Jesus’ kingship renders Caesar’s obsolete. It isn’t a mere “trumping” as though Jesus is simply greater than Caesar; it is an entirely different sort of kingship. 

As heirs to Jesus’ kingdom, we are ambassadors of the new reign, privileged to share the mercy, love, peace, and justice of Christ with the world. In the early days—the first century of the Jesus movement—the church was invisible to most people in the Roman empire. However, they had a growing reputation as an alternative and seemingly anti-social community that lived in the nooks and crannies of Empire.

Christians were thought to be extreme, subversive, stubborn, and defiant. The Roman writer Tacitus called them “haters of humanity.” They rejected the central facets of Roman religious and political life. In his view they actively undermined society with their indifference to civic affairs. Some critics even blamed Christians for the fall of Rome.

So, when Jesus said his kingdom wasn’t of this world, he wasn’t understood by Pilate or by the Jews or by his earliest followers as talking about the afterlife or some abstracted spiritual truth. Based upon the lethal response to Jesus (and the early reactions to Jesus’ movement), the “Kingdom of God” was understood as a challenge to Caesar and his reign. Their two kingdoms clashed.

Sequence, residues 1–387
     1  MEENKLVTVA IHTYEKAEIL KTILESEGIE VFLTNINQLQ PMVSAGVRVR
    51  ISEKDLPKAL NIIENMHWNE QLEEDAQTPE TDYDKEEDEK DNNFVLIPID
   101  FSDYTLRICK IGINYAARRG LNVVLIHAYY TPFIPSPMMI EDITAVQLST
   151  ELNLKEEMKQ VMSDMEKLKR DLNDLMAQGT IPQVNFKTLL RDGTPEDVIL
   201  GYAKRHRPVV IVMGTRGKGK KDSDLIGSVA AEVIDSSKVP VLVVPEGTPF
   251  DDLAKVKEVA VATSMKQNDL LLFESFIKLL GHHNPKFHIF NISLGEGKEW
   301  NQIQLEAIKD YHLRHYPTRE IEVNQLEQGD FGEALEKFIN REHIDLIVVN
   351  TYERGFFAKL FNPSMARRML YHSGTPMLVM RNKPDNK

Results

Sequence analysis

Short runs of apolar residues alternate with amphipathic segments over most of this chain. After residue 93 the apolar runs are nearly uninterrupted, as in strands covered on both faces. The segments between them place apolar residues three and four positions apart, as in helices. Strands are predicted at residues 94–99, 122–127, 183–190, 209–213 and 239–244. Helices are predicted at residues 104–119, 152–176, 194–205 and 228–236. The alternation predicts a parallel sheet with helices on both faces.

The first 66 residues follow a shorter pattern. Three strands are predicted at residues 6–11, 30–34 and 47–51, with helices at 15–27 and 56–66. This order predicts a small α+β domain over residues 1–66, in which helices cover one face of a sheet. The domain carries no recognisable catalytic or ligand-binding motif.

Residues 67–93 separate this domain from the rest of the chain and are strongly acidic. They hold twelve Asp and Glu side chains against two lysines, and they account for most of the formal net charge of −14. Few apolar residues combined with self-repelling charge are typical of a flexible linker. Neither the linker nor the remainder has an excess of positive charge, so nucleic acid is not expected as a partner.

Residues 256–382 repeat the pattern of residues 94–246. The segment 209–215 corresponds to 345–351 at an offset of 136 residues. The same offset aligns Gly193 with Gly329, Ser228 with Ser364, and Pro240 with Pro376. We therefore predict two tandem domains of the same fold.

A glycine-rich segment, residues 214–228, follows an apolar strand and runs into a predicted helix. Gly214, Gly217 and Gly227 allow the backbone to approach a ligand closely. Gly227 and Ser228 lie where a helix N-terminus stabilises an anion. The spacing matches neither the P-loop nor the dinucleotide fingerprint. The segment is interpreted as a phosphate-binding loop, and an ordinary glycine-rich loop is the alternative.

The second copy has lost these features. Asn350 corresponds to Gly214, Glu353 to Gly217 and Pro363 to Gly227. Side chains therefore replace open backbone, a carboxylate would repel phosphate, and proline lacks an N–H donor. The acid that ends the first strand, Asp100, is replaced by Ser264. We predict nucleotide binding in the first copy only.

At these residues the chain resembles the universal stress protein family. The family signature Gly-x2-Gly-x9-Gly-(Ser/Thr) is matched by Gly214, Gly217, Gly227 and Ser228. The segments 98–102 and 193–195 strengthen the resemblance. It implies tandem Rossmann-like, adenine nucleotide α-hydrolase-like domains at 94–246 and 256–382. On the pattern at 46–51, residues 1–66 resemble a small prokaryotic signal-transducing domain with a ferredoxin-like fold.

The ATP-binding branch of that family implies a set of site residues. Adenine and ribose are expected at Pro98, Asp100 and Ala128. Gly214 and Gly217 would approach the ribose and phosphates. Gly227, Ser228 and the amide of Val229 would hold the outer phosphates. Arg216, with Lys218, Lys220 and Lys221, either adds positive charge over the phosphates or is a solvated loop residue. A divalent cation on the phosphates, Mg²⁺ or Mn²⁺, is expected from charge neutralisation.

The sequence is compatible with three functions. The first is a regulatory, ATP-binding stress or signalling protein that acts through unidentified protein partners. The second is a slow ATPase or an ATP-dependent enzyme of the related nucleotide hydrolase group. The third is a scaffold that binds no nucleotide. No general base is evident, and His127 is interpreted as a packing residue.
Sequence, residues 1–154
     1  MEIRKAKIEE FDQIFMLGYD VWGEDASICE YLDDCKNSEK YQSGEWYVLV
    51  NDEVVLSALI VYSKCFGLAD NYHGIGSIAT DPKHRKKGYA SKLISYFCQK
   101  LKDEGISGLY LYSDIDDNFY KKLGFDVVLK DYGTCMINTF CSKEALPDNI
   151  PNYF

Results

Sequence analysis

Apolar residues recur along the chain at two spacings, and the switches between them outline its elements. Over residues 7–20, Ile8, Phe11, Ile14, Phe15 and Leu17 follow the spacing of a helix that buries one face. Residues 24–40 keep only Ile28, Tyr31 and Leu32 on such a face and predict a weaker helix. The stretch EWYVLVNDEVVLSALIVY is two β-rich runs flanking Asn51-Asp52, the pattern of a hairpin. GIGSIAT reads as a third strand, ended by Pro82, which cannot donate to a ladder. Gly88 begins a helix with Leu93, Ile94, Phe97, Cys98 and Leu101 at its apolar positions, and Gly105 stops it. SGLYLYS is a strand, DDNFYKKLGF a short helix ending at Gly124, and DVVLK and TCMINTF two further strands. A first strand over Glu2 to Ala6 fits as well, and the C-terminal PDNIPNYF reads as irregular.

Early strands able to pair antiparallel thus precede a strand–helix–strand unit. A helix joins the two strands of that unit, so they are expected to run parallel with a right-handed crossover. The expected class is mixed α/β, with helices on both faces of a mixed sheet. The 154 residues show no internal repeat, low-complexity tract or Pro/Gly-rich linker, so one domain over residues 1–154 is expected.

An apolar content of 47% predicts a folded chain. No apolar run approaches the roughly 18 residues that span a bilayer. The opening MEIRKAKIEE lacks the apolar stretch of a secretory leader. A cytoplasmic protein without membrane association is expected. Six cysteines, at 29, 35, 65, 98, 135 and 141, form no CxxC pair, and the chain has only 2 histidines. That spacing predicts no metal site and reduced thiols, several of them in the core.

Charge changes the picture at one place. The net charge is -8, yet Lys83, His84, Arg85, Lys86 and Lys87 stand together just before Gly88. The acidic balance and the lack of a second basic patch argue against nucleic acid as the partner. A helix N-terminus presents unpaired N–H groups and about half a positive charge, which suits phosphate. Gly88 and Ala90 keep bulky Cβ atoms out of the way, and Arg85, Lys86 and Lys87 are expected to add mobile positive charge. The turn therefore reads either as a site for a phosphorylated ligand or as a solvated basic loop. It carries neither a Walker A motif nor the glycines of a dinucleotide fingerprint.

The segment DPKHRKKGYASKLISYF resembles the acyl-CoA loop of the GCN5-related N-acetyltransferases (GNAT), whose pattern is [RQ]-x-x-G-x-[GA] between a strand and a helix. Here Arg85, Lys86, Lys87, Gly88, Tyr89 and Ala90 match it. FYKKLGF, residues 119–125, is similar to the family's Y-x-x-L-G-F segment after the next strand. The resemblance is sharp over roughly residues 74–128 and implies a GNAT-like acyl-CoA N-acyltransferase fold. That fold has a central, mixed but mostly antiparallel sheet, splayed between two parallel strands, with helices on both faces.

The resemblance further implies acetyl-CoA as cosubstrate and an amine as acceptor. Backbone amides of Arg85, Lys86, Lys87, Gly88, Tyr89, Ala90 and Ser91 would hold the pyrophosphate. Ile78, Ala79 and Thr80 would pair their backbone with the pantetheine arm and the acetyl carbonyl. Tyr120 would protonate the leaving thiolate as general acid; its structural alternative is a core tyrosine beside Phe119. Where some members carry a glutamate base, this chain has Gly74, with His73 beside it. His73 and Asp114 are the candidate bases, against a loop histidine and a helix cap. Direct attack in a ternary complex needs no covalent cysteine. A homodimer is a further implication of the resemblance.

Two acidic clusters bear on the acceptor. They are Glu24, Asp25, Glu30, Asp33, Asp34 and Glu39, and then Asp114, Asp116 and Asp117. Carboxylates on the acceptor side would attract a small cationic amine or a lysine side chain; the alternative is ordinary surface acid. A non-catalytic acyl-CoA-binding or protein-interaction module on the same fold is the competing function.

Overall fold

The kingdom of God that Jesus announced and embodied is what life would be like on earth, here and now, if God were king and the rulers of this world were not. As we read the Gospels, we are invited to imagine what it would be like if God ruled the nations.

But in order to imagine that, we’d need to recognize that Jesus’ kingdom isn’t the sort that one holds with an iron fist. Rather, it is an unkingdom. We may have inherited a cruel and domineering of God, but Jesus us reveals to us a God who rejects hierarchy or control.